I can’t imagine growing up the way they do. The place is a dump. What you could call a back yard is filled with trash, razor wire and an old car. Dogs forage there looking for food. Who knows what these kids eat on a regular basis. It truly bothers the interpreter I worked with today. I’ve seen him put Dinar into tiny fists before. He told a little boy once to go home and give it to his mother. The boy, who could have been no older than 4, obediently ran home.

They all smile. They have to be aware of the ugliness around them, but their brown eyes are wide and even the ones missing teeth have a nice smile and are friendly. We told them all to stay away from the building.

I was nervous. We’d come too close to a possible explosive. We were outside our gate on the town side. I was scanning every window I could see. We headed back in. I walked away and amid the trash, the razor wire, the filth and the poverty, their little smiles stood out like a stood out like jewelry.

Sunday, 18 May 2008

Chief


The Iraqi Command Sergeant Major here is a good man. By rank, he is referred to as “Chief.”He is a fatherly figure who struggles through the Iraqi Army system of the officers believing NCOs are inferior. I have talked to him at length about staying the course. The way it’s supposed to work is the officers oversee the training and make sure it is being done correctly. They have to be experts at the training. They have to recognize when something is being done incorrectly. When they see something, they are supposed to pull the Sergeants over and correct the problem. What we see too much is officers who get in the way of the training. They think they have to do “Hands on” with everything. It’s always been that way in the Iraqi Army. If you are not an officer, you are a second-class citizen.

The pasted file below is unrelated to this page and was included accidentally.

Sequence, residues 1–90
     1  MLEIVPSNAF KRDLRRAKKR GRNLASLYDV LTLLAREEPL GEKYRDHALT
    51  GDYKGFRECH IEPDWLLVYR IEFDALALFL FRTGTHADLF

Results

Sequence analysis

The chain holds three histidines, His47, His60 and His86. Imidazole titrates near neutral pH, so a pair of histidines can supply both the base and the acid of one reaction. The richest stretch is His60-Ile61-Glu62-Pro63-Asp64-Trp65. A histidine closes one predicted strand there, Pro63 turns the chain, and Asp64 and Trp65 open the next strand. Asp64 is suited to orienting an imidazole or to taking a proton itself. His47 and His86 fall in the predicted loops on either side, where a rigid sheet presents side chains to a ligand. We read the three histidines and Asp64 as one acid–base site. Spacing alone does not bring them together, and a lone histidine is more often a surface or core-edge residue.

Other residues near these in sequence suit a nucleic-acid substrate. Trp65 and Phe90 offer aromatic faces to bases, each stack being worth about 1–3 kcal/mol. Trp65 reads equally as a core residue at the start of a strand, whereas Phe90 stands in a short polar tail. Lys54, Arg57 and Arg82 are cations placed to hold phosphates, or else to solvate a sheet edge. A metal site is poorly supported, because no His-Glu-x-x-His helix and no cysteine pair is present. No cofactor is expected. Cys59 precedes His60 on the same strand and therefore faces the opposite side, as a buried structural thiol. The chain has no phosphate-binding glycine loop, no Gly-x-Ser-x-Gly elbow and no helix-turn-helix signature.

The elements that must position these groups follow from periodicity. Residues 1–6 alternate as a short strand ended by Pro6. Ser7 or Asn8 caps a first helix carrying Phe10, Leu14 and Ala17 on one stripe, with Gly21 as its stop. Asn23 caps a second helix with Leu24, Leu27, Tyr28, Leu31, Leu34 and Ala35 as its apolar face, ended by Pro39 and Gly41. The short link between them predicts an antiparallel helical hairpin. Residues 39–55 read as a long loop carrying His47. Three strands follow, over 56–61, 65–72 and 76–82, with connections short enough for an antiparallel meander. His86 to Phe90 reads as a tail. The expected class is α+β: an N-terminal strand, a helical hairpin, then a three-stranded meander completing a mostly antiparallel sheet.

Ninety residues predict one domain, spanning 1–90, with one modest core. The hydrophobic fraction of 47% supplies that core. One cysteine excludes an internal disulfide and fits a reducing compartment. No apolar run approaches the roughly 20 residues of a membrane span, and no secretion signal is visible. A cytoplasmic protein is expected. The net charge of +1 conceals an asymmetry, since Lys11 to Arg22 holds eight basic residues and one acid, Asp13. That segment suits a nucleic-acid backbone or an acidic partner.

But, things around here are starting to change. I keep telling the CSM to hold his Sgts. accountable. They have to do the training. I told him about last week on the range where I asked why the jinood were missing the targets and the Sgts didn’t know. He says that was disgraceful and will change. Even the officers are changing a little. The executive officer here ran the weekly training meeting the other day. He addressed the NCOs directly and told them the compound needs to look like a training center and that he doesn’t want any of the jinood lying around. The CSM is making the same point.

When I met with him, I told the CSM that what I saw the other day was fantastic. Soldiers were learning squad movements. They were walking in a wedge with rifles at the ready, the last two pulling rear security. There were two areefs (sergeants) in the middle of the wedge coaching them. I only saw one young lieutenant out with the troops. The rest of the officers were on the perimeter watching and taking notes. Hopefully, to talk to their Sgts. later about how things went.